everyone does what it takes to make sure that students are given opportunities to
        be successful in the areas where students look to grow. We are a true example that
        it doesn't take a large group of people to make an impact on a student's life, it just
        takes a few who will step in to be the change in a student's life.

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       . Describe the school's notable achievements and areas of improvement in the last three
years. Additionally, describe areas for improvement that the school is striving to achieve
in the next three years.

        Within the past four years, we have seen tremendous success at Austin-Tracy. Our
        Beta Club has received second place honors at the state level competition in Living
        Literature. Our academic team has secured district runners up in our district
        competition for two years in a row. Our most noted achievement came in the 2019
        KPREP assessment scores. As one of the top 20 schools in the state of Kentucky for
        our growth from 2018 to 2019, we were recognized as making the first-ever,
        "Commissioner's List for Growth". Our Writing scores continue to improve as they
        went from 50% proficiency to 69% proficiency ratings making it one of our
        highlighted glows from the previous school year. Our Science and Social Studies
        scores are above the state proficiency averages. When looking at growth areas, our
        Science scores are 36% proficiency where we dropped from 43% in 2018. Our Social
        Studies assessment scores have dropped as well from 64% to 58%. Our attendance
        percentages continue to hover around 95% which is below our school goal of 96%
        over the past three years.

       . CSI/TSI Schools (including ATSI) Only: Describe the procedures used to create
the school's improvement plan and briefly state the specific efforts to address the causes
of low student performance and resource inequities.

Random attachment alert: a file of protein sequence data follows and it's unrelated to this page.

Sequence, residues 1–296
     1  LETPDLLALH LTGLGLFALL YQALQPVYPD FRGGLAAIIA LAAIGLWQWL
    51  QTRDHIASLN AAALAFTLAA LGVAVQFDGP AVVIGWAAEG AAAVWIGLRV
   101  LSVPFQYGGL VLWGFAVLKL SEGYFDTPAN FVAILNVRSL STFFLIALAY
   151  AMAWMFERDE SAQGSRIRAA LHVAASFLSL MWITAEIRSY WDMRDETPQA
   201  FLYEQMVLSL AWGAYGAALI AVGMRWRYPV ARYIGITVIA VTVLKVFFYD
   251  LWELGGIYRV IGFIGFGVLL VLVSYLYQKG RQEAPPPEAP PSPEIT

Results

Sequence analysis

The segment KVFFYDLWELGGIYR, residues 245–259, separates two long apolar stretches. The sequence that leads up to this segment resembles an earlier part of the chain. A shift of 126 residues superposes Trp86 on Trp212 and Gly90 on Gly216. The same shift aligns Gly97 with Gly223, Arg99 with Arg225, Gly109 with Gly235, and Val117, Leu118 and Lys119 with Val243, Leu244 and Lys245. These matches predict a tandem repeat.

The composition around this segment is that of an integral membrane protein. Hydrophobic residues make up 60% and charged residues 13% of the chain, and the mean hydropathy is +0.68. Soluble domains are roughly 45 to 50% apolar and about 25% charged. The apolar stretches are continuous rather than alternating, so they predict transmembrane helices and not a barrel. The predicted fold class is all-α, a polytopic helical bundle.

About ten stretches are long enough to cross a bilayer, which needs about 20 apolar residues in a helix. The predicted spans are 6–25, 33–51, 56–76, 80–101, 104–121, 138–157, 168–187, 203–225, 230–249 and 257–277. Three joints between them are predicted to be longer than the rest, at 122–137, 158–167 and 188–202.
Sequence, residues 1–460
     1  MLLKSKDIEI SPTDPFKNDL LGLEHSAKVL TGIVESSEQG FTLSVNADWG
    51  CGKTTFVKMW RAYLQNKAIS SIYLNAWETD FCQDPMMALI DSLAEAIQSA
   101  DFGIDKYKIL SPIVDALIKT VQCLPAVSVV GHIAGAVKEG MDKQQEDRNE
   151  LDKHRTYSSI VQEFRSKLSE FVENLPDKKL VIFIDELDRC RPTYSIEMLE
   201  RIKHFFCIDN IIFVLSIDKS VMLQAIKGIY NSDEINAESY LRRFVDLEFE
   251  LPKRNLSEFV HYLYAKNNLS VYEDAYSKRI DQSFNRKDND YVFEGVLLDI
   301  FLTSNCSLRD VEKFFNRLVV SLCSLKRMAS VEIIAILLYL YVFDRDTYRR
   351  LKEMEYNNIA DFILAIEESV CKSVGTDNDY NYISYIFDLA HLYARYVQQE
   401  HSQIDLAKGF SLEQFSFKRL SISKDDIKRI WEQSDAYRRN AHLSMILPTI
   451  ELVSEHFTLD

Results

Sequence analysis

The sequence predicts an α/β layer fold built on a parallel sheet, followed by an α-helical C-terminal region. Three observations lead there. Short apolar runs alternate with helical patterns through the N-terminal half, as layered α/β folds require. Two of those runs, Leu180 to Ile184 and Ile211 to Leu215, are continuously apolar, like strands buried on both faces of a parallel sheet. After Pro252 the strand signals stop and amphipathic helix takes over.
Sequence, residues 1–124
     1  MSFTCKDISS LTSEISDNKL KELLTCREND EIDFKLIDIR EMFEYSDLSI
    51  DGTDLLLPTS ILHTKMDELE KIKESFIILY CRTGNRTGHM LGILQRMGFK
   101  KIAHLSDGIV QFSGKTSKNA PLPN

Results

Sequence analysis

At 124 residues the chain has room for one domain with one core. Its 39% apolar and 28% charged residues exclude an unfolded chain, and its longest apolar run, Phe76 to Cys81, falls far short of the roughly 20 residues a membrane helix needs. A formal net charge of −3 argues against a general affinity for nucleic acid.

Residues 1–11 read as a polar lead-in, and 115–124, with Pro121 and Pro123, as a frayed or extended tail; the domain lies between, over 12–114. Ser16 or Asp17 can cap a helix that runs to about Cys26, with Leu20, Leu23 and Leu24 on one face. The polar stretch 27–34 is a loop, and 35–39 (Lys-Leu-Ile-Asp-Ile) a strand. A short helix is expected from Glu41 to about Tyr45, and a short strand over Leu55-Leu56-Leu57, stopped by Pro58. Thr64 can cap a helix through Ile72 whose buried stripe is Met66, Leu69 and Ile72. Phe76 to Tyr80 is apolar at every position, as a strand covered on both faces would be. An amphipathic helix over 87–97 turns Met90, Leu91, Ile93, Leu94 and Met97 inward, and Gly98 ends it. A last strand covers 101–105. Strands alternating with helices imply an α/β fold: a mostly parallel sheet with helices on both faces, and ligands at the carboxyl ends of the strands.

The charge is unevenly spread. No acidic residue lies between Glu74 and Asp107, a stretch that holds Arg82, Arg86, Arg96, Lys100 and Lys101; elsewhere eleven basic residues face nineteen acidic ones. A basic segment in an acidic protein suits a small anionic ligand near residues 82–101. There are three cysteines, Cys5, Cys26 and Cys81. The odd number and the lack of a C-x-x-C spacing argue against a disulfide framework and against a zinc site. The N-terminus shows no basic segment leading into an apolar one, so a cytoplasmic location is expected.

N/A

    . Provide any additional information you would like to share with the public and
community that were not prompted in the previous sections.

        The community of Austin Tracy is what makes us successful. We have a great
        triangular approach to our school's culture and climate. Our students enter the
        building daily with a smile on their faces demonstrating their eagerness to learn.
        Our staff works as hard as any staff in the state of Kentucky. They design instruction
        that will meet the needs of individual students on a daily basis. They have focused
        and are engulfed in the Visible Learning process; digging into strategies that have
        high effect sizes according to John Hattie's research. Then, we have the major
        support to our success which is our parents and guardians. Their support is so
        appreciated by our students and staff because we know that parents and guardians
        want their students to succeed. We have an "OpenDoor" policy to where they are
        welcome to come in and visit our building, offer suggestions and offer positive
        criticism to make us better when COVID-19 recommendations are not present. All of

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        these stakeholders are part of our belief that says Austin-Tracy is "A small school
        with a BIG Heart".

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                                 Attachment Summary
         Attachment Name                                 Description                              Associated Item(s)

                                                                                                                     Page 6 of 6
2020-21 Phase Three: Closing the Achievement Gap Diagnostic
                 Austin Tracy ES Nov 2020

       2020-21 Phase Three: Closing the Achievement Gap Diagnostic

                    Austin Tracy Elementary School
                             Joey Bunch
                       2477 Austin Tracy Road
                        Lucas, Kentucky, 42156
                       United States of America

                                                                     ©Cognia, Inc.